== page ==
In a small conciliatory gesture Mr Netanyahu said his government would ease its five-month-long sealing off of the Palestinian areas in Gaza and the West Bank by allowing an extra 10,000 workers to enter Israel. He also said that David Levy, the Israeli foreign minister, would meet Yasser Arafat, the Palestinian leader, next week.
Although Mr Netanyahu offered little new, it was enough for Mr Mubarak to say: "I think that after such a meeting today I have great hopes that the process will continue ... I can tell you now that I am very relaxed."
The warm welcome for Mr Netanyahu's promises to continue the peace process is in part a tribute to his success in systematically lowering expectations among his Arab neighbours about what to expect from Israel. It also stems from Mr Mubarak's need to balance between the United States and the Arab world. The Egyptian leader goes to Washington at the end of the month.
Mr Mubarak said: "The two sides should proceed to negotiate the final status of the West Bank and Gaza - the sooner the better. Together with that, negotiations must resume on the Syrian and Lebanese tracks without delay." But since Mr Netanyahu has refused any compromise on Palestinian statehood, Israeli settlements, Jerusalem or withdrawal from the Golan, such negotiations are unlikely to have much substance.
The cordial tone of the discussions in Cairo are in contrast to the insults hurled at Mr Netanyahu by the Egyptian opposition press which, in a clumsy play on the Arabic pronunciation of his name, described him as "a dirty smell".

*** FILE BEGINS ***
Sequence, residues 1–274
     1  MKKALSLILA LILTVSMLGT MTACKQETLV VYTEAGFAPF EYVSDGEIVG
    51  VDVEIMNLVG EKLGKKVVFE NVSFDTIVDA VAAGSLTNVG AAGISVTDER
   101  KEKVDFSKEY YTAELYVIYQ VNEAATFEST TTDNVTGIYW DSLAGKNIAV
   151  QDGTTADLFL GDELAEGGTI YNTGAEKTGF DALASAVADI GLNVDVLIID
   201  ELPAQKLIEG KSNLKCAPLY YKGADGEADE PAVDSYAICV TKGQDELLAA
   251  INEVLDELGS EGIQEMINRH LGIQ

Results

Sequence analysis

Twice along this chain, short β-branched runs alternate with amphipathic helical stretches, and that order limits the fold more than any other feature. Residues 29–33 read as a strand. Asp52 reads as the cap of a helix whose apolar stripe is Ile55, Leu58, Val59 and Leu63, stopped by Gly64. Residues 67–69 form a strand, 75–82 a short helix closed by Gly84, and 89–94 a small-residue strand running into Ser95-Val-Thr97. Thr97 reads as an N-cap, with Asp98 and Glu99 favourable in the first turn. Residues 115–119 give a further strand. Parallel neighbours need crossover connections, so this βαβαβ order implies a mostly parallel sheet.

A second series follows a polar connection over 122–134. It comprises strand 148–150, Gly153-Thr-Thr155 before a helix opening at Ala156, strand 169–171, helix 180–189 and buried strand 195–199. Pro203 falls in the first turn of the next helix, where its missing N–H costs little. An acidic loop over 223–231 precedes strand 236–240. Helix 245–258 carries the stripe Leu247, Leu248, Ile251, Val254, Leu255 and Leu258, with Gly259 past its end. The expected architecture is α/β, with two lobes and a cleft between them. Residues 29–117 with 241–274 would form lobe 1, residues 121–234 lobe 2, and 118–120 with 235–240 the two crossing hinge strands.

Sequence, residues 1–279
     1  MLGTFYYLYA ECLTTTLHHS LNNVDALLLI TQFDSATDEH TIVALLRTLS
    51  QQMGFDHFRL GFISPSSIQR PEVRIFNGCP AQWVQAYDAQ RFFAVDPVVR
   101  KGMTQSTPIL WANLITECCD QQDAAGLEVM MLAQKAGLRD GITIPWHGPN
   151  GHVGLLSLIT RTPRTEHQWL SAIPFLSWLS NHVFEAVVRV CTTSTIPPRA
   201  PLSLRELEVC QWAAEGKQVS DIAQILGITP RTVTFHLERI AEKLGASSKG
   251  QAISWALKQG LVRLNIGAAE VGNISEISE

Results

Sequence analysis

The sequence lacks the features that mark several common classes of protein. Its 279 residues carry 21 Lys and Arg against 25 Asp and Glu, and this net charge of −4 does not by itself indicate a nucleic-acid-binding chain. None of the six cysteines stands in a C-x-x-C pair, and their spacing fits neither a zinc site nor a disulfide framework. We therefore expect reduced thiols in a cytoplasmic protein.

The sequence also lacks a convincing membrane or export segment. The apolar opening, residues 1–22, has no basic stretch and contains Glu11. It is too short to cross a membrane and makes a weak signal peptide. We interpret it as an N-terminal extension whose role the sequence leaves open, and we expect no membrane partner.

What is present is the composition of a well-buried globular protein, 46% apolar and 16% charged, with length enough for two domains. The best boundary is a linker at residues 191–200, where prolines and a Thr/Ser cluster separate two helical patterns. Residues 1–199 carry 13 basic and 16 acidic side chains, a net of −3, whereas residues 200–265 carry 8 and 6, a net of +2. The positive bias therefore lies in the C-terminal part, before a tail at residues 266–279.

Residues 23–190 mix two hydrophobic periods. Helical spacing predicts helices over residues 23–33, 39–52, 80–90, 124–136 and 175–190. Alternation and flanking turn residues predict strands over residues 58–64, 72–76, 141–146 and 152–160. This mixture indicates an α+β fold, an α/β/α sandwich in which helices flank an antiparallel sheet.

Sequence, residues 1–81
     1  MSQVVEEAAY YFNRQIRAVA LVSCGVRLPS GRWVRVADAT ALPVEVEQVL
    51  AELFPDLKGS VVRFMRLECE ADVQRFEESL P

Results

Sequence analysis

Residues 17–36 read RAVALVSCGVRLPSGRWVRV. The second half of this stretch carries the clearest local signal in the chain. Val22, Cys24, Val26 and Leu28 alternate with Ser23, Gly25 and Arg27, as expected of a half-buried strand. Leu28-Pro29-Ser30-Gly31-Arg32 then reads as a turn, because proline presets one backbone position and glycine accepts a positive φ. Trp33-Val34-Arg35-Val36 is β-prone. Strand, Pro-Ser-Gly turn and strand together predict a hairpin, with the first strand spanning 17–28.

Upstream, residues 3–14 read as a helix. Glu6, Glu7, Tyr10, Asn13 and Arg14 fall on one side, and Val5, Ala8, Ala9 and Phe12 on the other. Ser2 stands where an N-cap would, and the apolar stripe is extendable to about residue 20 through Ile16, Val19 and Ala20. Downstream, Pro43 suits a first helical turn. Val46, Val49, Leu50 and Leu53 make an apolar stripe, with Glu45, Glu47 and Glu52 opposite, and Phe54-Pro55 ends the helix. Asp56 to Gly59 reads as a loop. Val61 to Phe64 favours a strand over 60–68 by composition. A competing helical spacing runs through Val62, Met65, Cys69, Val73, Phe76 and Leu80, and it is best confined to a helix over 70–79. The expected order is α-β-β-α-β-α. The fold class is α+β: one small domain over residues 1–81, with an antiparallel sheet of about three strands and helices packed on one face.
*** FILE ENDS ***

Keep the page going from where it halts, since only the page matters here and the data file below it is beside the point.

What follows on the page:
The Israeli leader said nothing new about the withdrawal of Israeli forces from most of the Palestinian city of Hebron, though this is expected over the next month. Under the terms of an agreement signed last year Israeli troops will keep control of one-fifth of Hebron where 400-500 Jewish settlers live surrounded by 120,000 Palestinians.
There are signs on the West Bank that Israel is continuing its redeployment. Just west of Nablus, an Israeli checkpoint at a vital crossroads has been removed. The army brigade in charge of the Nablus area is to be disbanded, Israeli radio said yesterday. This thinning out of troops is probably because of the completion of bypass roads linking Israeli settlements to Israel.
In Washington and in Cairo Mr Netanyahu refused to say that he would not build more settlements. Settlers themselves have spoken about doubling their numbers in the next four years to 300,000. In practice, Mr Netanyahu will probably be satisfied with more settlements in and around Jerusalem and close to the green line which divides the city.
Saeb Erekat, a senior Palestinian official, said however that "another settlement here or there will not promote Israel's security. Yet such settlements create a negative impression with Palestinians, comparable to the feeling in Israel that follows from a bus explosion". Saying that the Palestine Authority had done everything it could against Palestinian guerrilla organisations, Mr Erekat added: "Israel must understand that the Palestinians have not disappeared, and will not disappear. They exist."